Concerned about our precious freezer space and constant lack of ice cubes, I chose to buy 2 different types of storage/freezing options. I bought the plastic Baby Cubes as well as a silicone ice cube tray ($10 for 2.) While the Baby Cubes, in theory, are a great option ($5 for 10 ), I don’t think they’re the best route for us. I like how they’re silicone ice trayBPA-free individual closing containers, but I don’t like how I more than likely would have to buy more than one set in order to make the food in batches.

Jeff walked into the kitchen when I was making “silicone ice cube tray and bottle nipple stew.” I was actually sterilizing all of the above, but still, he thought it was hilarious to see me “cooking” the baby paraphernalia. Once I was finished cooking the trays and let them cool, I scooped the pureed yams into the ice tray. It almost felt as though I was painting the food into each respective cube. And for the most part, the trays held so much more food than the aforementioned cubes. But best of all, the silicone trays are literally and figuratively more flexible and conducive to batch storage.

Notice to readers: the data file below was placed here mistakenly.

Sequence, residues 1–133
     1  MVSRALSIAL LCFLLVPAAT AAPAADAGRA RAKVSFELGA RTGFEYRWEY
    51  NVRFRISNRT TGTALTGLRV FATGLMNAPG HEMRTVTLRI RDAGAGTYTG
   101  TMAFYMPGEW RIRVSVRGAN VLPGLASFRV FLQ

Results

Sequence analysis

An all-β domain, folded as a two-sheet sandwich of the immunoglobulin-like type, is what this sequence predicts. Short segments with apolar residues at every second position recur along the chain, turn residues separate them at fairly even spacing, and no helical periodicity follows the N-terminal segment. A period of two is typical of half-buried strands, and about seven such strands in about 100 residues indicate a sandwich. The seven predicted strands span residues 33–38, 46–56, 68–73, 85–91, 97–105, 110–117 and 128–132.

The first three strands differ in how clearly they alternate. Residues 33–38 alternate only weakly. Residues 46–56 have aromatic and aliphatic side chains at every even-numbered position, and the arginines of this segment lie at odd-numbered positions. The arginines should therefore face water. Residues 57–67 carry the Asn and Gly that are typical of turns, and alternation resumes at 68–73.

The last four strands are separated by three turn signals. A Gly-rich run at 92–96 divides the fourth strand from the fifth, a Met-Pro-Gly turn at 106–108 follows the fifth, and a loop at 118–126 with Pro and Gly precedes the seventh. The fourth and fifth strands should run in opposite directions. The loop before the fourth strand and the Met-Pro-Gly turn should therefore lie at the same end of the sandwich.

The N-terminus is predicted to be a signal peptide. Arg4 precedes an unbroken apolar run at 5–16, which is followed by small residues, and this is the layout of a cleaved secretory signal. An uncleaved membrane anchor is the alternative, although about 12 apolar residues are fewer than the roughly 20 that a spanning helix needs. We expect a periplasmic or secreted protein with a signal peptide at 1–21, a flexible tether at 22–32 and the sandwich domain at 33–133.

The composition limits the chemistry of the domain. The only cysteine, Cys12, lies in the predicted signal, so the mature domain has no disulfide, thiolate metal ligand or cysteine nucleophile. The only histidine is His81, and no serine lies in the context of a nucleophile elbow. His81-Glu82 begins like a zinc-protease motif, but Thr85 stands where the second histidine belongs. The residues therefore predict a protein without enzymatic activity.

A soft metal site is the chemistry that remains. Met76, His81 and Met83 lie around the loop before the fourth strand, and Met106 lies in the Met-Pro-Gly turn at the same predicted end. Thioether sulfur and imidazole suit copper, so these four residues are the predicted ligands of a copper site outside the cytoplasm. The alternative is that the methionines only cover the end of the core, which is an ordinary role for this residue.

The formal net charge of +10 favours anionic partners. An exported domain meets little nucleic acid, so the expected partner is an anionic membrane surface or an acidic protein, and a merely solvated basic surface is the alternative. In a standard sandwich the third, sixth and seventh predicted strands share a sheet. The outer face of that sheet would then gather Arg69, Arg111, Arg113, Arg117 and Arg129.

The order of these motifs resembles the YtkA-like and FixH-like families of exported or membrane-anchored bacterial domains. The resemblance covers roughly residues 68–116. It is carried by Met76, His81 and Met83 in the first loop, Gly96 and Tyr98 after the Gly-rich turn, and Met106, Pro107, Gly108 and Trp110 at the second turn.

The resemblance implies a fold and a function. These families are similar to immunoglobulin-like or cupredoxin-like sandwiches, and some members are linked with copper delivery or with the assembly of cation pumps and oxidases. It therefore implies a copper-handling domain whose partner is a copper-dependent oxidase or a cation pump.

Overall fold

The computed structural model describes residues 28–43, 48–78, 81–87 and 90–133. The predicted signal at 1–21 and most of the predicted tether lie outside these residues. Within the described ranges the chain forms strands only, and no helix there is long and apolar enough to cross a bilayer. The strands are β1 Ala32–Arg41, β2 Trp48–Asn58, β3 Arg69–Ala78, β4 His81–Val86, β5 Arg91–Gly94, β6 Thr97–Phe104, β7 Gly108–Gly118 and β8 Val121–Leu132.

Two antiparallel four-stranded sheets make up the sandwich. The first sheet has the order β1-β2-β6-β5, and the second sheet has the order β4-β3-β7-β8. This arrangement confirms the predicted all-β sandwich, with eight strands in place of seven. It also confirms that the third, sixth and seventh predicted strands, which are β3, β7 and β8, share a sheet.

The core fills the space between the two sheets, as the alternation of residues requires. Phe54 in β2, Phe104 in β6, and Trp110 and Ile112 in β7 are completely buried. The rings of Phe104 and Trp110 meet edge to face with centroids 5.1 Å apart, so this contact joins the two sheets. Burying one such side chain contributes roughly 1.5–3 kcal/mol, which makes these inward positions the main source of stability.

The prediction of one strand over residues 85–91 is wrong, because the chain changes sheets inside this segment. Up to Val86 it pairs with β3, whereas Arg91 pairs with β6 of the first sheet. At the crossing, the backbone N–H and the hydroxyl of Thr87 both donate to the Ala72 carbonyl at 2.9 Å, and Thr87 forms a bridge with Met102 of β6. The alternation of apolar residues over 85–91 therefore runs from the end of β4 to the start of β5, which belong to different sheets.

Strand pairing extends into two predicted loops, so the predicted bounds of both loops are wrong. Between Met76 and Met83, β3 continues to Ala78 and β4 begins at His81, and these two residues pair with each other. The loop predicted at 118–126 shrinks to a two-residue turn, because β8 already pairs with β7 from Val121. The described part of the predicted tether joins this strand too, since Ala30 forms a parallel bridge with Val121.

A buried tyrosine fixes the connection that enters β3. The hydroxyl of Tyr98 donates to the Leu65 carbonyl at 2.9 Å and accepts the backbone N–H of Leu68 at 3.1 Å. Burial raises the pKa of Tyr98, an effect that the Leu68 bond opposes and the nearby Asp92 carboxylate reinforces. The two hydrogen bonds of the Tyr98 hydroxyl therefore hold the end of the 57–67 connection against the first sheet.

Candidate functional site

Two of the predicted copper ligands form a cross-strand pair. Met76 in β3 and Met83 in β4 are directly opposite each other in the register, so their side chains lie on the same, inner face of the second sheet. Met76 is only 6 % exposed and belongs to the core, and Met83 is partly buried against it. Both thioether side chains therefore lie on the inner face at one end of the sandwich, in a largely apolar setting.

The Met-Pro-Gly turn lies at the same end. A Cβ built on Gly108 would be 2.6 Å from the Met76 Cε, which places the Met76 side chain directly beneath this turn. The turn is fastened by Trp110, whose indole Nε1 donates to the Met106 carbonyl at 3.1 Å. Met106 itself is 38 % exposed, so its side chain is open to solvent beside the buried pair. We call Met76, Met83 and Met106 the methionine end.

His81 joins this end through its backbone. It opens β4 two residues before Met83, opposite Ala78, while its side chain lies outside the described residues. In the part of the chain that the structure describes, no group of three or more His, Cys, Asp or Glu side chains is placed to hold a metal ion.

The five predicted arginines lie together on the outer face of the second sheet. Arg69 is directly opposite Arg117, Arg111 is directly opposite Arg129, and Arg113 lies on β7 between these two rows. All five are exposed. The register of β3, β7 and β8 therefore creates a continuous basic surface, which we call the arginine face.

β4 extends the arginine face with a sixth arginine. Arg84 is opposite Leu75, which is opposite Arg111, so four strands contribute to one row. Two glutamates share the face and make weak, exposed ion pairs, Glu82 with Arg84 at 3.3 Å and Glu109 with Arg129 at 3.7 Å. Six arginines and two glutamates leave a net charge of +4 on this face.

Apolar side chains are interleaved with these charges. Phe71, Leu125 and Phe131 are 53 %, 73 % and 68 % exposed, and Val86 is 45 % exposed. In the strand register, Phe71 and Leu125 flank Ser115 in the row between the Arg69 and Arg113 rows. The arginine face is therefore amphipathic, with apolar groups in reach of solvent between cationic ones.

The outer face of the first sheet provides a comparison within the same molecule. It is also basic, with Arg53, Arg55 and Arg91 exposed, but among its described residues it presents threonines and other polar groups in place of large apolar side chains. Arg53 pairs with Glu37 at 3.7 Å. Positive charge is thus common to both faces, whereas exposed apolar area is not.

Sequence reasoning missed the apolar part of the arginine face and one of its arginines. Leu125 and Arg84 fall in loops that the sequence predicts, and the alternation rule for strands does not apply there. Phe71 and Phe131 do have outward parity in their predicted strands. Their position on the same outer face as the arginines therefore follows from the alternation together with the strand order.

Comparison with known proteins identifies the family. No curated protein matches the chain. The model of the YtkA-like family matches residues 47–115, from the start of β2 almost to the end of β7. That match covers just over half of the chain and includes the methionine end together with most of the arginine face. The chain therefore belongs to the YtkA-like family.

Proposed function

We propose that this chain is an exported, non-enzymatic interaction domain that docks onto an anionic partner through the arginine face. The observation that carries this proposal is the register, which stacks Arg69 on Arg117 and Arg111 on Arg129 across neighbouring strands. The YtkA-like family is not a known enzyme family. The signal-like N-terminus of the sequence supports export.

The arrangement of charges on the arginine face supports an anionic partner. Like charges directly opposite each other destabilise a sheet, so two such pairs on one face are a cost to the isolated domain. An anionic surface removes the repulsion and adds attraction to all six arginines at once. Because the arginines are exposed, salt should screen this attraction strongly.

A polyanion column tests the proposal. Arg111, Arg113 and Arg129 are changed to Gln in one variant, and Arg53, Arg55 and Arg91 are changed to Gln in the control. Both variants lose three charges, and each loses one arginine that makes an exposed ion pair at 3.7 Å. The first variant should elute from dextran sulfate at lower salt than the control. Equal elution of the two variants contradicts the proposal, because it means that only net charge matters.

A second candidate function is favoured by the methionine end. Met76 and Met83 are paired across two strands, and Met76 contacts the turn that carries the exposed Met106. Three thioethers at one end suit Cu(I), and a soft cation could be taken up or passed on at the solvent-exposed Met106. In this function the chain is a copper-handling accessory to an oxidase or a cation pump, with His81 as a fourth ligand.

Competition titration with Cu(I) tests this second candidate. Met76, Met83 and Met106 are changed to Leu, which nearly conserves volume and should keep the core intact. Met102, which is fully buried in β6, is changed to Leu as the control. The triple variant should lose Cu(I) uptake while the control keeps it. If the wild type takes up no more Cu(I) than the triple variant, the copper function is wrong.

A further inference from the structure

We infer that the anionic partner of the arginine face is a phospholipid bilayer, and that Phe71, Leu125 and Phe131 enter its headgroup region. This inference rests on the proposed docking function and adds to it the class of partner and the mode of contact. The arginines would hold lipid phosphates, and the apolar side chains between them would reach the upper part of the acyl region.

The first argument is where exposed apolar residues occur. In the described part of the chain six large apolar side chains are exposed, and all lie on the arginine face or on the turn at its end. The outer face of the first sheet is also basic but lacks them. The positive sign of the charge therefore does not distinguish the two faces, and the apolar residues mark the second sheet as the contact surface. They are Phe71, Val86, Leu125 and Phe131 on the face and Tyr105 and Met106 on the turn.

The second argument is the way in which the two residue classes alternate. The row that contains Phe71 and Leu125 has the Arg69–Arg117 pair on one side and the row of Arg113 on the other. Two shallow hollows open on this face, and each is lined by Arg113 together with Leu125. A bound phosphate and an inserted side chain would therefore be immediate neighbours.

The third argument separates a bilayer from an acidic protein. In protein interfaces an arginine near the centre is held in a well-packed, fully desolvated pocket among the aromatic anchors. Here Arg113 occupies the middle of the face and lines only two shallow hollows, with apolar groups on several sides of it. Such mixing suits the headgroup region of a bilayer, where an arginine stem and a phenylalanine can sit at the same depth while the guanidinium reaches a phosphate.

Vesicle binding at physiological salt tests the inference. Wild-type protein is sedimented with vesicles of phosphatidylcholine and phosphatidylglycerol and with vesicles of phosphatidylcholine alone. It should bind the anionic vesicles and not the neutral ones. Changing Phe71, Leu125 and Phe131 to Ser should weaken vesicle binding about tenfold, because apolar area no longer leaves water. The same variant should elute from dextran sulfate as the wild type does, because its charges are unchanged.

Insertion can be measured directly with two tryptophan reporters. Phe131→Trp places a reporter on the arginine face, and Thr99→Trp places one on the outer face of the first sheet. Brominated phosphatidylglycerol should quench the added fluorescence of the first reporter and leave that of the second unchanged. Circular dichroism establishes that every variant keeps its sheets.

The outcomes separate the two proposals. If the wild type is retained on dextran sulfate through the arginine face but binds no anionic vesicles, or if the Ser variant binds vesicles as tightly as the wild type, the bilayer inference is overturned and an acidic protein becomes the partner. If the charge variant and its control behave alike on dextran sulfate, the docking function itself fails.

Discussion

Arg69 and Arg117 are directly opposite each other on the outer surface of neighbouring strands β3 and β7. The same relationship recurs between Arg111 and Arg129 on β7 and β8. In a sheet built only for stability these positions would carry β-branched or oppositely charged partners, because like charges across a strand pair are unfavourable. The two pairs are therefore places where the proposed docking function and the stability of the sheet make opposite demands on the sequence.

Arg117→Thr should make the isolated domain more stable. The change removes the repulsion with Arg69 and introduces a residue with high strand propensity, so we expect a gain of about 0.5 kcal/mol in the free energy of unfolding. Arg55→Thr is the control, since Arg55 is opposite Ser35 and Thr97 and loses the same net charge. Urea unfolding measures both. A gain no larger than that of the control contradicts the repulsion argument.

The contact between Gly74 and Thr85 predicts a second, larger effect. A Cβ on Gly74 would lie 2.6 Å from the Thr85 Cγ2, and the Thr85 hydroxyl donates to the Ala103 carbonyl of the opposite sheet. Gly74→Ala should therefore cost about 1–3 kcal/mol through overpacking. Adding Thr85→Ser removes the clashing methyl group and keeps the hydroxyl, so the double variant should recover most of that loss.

In a way, making Jack’s food is redemption for my inability to be around as often during the work week. While nothing can replace my physical presence as his mother, I know in my heart that I am doing something for him that will hopefully go on to reinforce a love for delicious and nutritious food.

yum yum

Passed on by some friends and found from a few searches, here are some helpful links on homemade baby food:

Wholesome Baby Food
Organic Homemade baby food

Super baby food
Cusinart Baby